Menopause and extra heart beats

20 years ago I started having episodes of nearly fainting associated with sensations of my heart quivering in my chest. I wore a Holter monitor and was diagnosed with a ventricular arrhythmia. Asthma medication and stress made it worse. By reducing my stress and managing my asthma in such a way as to improve overall health, I've been able to reduce the asthma medications and improve my symptoms. To date, I have successfully lived with the problem without further fainting.I am now middle aged and entering perimenopause. A few years ago I noticed the quivering sensation getting worse so my doctor suggested trying magnesium to see if it helped. It did. I now only have that sensation very occasionally. Because it had been 20 years since my initial diagnosis and I've been having a problem I will describe below, my doctor ordered another 24 hour Holter test. The results stated "Supraventricular ectopic beats (29 during the recording). Episodes of 3 and 4 consecutive supraventricular ectopic beats. No symptoms are recorded."So, even though I am no longer feeling the abnormal rhythms, they are still there. I understand this is nothing to be overly concerned about. However, my questions follow:1) As I prepare to enter the second half of my life as healthy and as strong as I am able, I wonder what kind of long term impact this irregular heart beat may have on my overall health, if any.2) I have difficulty with vigorous exercise, which is of some concern to me as exercise is a vital component of a healthy lifestyle. For example, even though I have a very good diet, am at a healthy weight, and exercise regularly by walking, hiking, gardening, bicycling, horseback riding, and tennis... I am unable to hike uphill without great difficulty. I run out of breath and must stop, gasping for air, and catch my breath before I can go on. This has always been a problem for me, even when much younger.Additionally, when engaged in exercise like bicycling and tennis, even though I am otherwise healthier and fitter than my partners, I am still the one breathing hard and having trouble catching my breath while my partner is barely winded. It is noticeable to the point of being strange and seems to be getting worse not better as I age. My face also turns bright red. I am confident this is not an asthma attack. This is something different. I have long suspected it was related to the arrhythmia. Am I crazy to think that?Is it possible it's my heart causing these problems with exercising and if so, do I need to worry about it or is it safe to keep doing the best I can in spite of it?In case it makes a difference, I also have multiple (well managed through diet and exercise) autoimmune disorders including Hashimoto's, Interstitial Cystitis, Eczema, and Psoriasis as well as severe allergies, food sensitivities, chronic sinusitis, and high CRP along with their associated complications. I only take thyroid replacement hormone and occasionally (once every few months) a hit on the inhaler.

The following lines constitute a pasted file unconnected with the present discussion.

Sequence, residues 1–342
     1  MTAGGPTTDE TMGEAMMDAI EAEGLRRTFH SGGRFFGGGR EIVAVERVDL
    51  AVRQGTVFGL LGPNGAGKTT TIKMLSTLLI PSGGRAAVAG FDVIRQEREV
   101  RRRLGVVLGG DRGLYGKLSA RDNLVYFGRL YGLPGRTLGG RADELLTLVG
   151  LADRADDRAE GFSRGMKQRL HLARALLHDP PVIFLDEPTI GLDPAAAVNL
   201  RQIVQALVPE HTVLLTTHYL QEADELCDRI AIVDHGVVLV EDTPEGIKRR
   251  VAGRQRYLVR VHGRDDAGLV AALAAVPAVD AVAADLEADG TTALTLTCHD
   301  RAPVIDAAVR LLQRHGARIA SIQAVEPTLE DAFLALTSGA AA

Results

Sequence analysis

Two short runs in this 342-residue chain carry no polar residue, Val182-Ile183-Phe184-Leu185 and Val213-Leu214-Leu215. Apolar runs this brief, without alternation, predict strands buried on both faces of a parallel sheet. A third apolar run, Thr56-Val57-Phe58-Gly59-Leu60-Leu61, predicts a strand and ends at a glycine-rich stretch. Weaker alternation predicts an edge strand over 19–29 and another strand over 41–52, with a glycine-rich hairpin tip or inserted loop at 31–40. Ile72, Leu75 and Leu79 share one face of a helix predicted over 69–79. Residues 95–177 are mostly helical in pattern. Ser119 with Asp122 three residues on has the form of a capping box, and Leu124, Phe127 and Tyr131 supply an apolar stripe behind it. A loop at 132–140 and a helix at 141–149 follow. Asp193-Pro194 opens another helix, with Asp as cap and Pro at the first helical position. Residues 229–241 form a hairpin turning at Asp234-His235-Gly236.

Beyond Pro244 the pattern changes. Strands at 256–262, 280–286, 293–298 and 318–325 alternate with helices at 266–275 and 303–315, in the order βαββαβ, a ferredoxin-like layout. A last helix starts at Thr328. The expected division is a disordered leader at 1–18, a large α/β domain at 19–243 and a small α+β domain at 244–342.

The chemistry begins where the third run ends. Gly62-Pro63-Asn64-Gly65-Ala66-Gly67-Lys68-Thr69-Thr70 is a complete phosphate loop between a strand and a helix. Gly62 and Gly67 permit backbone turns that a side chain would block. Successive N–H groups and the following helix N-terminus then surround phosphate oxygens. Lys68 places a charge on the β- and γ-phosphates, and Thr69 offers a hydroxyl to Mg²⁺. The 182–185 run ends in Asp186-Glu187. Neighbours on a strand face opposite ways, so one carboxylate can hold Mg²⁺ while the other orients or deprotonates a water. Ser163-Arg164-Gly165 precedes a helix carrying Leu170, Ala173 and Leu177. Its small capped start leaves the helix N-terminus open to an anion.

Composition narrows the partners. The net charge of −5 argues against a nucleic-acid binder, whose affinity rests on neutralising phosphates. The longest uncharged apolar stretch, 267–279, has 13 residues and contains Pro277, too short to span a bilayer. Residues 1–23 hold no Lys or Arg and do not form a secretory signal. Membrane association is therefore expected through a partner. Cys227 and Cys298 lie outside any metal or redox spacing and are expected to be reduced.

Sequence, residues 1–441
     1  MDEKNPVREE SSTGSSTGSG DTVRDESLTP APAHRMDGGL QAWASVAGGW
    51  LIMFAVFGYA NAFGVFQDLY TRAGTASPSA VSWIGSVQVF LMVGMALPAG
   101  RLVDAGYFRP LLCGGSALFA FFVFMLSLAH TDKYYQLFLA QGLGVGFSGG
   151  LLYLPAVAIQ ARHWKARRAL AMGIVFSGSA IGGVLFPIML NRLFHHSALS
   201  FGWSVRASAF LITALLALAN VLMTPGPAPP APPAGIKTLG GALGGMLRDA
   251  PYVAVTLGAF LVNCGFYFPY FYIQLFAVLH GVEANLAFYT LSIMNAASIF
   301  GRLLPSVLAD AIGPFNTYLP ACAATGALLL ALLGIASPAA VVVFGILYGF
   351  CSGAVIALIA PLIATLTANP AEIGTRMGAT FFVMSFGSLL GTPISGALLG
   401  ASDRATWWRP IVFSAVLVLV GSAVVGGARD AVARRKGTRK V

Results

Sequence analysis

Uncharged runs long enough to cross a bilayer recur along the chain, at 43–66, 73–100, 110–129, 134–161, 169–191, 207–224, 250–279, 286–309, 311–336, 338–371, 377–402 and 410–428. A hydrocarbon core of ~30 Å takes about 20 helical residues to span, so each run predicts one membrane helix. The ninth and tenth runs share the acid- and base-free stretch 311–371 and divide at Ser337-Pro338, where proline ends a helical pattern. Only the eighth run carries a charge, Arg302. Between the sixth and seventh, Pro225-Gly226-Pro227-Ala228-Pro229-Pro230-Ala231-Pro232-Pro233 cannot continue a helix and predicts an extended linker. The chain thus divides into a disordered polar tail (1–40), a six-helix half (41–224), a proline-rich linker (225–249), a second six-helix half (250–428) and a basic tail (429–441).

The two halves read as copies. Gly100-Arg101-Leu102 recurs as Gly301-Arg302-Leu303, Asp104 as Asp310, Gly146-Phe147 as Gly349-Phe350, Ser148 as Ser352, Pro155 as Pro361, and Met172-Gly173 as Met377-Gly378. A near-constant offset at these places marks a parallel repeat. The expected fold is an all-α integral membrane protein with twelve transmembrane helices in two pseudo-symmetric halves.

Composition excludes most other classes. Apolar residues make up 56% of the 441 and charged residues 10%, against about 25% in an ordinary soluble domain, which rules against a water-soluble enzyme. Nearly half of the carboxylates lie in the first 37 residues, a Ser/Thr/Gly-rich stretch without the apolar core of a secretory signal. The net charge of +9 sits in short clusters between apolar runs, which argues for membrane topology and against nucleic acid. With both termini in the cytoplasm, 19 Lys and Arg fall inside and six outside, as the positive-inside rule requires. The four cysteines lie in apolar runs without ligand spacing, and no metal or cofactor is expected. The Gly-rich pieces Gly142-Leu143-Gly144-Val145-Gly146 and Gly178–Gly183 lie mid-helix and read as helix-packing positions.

Palpitations are common for menopausal women. However, before labeling your problem as nothing to be concerned about, the most common cause, coronary artery disease should be excluded, best done with a stress ECHO. This will also help you with question 2, namely whether your heart (vs. for instance your lungs) is responsible for your exercise induced shortness of breath.

You already live a heart healthy lifestyle, and assuming therefore your risks are low, moderate vs. vigorous exercise will achieve the same cardio-vascular benefits, and may cause less breathing problems. Do yourself a favor and calculate your cardiac risks and prove me right!

If indeed (as I expect) your cardiac risks are low, minimizing your symptoms can be achieved by some minor adjustments, as I mentioned in the menopause/palpitations article:
Lifestyle changes that may help to reduce the incidence of irregular heartbeats during menopause:

  • Reducing intake of caffeine,
  • Limiting   consumption  of stimulants, cigarettes, and alcohol,
  • Practicing yoga, breathing exercises, or other relaxation techniques.

Hope this helps,
Dr T


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